Gene flaw found in MS treatments
Scientists from Oxford University have finally discovered why a particular class of drugs which were manufactured to help treat MS sufferers never made the intended impact, and why, in some cases, they exacerbated the illness.
The University team has identified a genetic variant linked to multiple sclerosis which does not work in the same way for that particular illness as it does with other autoimmune diseases, and can even make the condition worse. It is now thought that the success of the drugs was largely down to each individual’s genetic make-up, making them unsuitable for vast portions of the population.
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The anti-tumour necrosis factor (anti-TNFs) drugs worked in regards to rheumatoid arthritis and inflammatory bowel disease, but scientists have now confirmed that the same influences are not had on MS.
A particular genetic variant called TNFRSF1A was found to shorten the TNFR1 protein encoded by the gene. This meant that it was unable to sit on the surface of the cells to bind TNF, leading to a blockage on the required signals being sparked, and blocking the influence of the gene.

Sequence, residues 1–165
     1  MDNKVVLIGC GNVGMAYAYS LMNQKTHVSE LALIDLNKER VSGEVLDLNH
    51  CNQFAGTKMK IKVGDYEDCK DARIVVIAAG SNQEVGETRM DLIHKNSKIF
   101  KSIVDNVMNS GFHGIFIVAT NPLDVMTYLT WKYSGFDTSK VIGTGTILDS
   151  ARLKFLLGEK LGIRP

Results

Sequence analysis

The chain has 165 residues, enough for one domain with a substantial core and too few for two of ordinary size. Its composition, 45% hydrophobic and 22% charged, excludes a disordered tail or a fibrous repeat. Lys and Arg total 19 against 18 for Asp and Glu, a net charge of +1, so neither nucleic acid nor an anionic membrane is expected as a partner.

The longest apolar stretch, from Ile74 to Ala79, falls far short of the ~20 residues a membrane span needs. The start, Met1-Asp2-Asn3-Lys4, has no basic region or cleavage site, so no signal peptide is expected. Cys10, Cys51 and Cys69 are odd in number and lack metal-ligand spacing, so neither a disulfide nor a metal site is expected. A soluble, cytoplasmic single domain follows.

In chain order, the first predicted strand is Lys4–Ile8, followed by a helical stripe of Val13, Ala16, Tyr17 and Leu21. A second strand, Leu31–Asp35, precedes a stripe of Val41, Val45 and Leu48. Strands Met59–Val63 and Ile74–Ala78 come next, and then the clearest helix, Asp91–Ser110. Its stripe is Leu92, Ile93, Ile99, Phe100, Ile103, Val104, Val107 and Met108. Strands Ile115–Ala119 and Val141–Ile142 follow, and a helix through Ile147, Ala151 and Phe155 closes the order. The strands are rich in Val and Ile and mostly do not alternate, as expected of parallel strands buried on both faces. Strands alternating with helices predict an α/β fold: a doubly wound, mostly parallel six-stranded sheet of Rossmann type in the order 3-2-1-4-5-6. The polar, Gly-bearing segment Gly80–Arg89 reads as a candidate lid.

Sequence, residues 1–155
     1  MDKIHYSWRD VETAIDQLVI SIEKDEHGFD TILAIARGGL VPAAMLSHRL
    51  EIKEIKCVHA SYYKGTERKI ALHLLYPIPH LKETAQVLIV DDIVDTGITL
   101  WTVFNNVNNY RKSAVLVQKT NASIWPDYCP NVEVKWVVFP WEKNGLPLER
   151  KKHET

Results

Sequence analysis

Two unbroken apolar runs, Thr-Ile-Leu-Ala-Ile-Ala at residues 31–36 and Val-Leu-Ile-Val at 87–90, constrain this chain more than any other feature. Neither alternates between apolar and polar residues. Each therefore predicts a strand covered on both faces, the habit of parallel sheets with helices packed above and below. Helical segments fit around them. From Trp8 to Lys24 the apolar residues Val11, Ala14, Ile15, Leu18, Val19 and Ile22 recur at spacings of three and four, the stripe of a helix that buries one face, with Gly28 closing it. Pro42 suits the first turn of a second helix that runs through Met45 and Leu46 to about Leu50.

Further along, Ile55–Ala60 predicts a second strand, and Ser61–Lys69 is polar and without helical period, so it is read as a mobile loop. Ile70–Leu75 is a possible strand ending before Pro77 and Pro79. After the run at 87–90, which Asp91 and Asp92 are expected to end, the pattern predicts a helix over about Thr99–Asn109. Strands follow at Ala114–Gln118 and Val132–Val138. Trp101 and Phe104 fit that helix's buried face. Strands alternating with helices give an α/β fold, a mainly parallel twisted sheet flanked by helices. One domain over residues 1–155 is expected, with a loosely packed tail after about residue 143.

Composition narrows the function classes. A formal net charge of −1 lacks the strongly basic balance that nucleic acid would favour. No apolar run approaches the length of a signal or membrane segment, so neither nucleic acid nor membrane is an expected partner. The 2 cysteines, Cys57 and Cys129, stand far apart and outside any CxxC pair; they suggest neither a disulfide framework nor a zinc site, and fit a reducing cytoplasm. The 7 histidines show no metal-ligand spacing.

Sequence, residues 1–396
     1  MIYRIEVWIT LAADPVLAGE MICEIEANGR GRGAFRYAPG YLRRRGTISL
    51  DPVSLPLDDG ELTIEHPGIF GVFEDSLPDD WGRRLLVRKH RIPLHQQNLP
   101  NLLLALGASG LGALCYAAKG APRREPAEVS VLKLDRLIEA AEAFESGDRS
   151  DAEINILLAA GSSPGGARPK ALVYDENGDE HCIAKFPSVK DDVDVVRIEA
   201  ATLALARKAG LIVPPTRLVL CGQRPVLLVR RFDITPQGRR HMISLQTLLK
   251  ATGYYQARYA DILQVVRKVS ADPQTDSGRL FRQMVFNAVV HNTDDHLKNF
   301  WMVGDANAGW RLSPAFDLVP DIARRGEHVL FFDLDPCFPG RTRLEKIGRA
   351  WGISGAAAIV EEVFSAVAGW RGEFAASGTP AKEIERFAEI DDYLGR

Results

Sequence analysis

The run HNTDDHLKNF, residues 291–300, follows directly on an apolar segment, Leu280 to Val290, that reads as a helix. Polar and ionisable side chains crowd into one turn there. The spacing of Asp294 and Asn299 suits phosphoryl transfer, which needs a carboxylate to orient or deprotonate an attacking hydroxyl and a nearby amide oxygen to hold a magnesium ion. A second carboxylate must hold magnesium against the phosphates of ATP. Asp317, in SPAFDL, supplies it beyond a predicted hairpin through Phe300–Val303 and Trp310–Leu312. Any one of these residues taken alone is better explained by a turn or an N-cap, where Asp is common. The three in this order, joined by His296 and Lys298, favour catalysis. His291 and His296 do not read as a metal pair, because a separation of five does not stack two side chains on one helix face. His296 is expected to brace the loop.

Nick Rijke, Director of Policy and research at the MS Society explained the significance of these findings in specifying future treatments to people’s specific genetic requirements.
He stated: "There are many genes associated with MS, but we know little about the role they play or the influence they have on the condition.
"This important study has shown that some of your genes can play a part in deciding whether or not you respond to a treatment.
"In the future this could help ensure that people with MS are offered the drug treatments that are most likely to work for them."